Perceptions: Men sleep on Mars, women on Venus

Elderly women may complain about insomnia, but they really get more sleep than men their age. That is the surprising finding of a Dutch study that used monitors and sleep diaries to assess the sleep patterns of almost 1,000 men and women ages 59 to 97 for 6 days, and found that the women slept a quarter of an hour longer, on average, than the men.

Elderly women may complain about insomnia, but they really get more sleep than men their age.

That is the surprising finding of a Dutch study that used monitors and sleep diaries to assess the sleep patterns of almost 1,000 men and women ages 59 to 97 for 6 days, and found that the women slept a quarter of an hour longer, on average, than the men.

Yet when men and women were asked about the quality of their sleep, women were more likely to report it as poor.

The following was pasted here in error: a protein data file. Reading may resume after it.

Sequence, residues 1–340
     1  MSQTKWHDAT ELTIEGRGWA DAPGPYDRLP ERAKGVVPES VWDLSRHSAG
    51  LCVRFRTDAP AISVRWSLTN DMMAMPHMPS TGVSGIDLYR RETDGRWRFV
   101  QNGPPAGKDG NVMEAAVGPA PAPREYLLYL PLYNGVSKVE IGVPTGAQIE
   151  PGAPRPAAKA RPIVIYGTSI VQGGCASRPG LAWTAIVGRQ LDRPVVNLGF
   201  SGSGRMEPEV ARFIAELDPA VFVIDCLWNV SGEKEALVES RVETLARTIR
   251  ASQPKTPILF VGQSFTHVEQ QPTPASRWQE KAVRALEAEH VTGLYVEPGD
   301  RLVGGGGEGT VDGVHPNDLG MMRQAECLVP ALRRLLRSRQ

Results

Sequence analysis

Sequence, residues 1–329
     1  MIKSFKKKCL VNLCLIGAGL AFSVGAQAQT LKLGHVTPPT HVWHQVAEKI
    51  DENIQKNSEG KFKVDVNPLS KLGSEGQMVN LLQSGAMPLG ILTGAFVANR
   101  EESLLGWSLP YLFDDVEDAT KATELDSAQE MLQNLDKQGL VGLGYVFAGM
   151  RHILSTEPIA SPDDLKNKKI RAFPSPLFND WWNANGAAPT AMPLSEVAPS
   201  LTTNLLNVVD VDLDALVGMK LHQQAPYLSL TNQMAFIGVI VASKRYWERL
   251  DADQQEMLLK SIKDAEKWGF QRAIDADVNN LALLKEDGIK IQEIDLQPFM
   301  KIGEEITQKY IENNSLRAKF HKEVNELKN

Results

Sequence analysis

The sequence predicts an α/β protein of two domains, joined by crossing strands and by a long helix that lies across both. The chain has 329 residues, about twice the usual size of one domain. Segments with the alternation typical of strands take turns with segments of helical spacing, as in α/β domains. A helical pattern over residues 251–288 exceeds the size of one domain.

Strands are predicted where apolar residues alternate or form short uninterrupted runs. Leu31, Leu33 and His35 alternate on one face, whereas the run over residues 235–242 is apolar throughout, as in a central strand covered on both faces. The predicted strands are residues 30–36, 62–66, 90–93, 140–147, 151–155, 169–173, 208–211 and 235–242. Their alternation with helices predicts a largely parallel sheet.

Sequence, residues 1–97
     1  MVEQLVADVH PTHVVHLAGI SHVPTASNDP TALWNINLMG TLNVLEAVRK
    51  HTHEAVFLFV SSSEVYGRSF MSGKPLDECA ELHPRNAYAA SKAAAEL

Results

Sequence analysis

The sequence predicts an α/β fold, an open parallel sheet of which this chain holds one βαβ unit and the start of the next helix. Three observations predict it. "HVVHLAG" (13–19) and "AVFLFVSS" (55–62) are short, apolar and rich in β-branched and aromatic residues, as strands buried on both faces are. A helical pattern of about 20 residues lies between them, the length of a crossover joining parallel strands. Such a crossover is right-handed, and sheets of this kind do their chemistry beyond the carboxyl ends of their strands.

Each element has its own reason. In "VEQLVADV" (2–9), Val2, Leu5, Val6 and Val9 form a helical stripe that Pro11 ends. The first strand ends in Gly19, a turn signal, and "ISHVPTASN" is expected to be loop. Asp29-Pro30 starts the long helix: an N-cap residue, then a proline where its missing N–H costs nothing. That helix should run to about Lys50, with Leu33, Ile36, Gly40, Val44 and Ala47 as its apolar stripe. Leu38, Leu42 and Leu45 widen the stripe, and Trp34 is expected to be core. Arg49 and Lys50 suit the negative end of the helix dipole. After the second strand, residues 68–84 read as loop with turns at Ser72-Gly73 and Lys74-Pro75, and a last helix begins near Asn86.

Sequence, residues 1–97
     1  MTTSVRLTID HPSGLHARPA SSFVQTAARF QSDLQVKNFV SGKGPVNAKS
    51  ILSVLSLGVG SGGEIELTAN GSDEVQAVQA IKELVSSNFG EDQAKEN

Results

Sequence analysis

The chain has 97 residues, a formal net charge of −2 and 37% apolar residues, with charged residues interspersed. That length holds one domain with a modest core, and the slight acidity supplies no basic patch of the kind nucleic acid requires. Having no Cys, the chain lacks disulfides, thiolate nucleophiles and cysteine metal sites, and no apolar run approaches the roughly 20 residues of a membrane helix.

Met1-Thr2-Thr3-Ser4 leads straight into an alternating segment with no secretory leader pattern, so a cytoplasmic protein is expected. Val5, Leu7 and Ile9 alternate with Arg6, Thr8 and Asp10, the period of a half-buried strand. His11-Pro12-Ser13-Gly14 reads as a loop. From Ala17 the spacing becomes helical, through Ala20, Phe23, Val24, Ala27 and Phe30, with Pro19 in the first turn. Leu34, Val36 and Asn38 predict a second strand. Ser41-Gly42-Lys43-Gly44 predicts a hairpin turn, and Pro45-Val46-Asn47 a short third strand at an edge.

“What we found is that men completely overreport their sleep — they have a strong tendency to make it sound better than it was,” said Dr. Henning Tiemeier, associate professor of psychiatric epidemiology at the Erasmus Medical Center in Rotterdam and principal investigator for the study, published in the Oct. 1 issue of the journal Sleep.

In fact, men did not sleep as well as women, the study found.

They reported sleeping seven hours a night, but objective measures, including a monitor on the wrist that measured sleep time, indicated they slept less than six and a half hours.

Their sleep was also more fragmented, possibly because they drank more alcohol than the women.

Though women reported more problems with their sleep, their reports were more accurate, Dr. Tiemeier said.
Are men just oblivious?

“One could say men have this gift of being more optimistic, that it’s a natural tendency,” Dr. Tiemeier said.

New York Times

 

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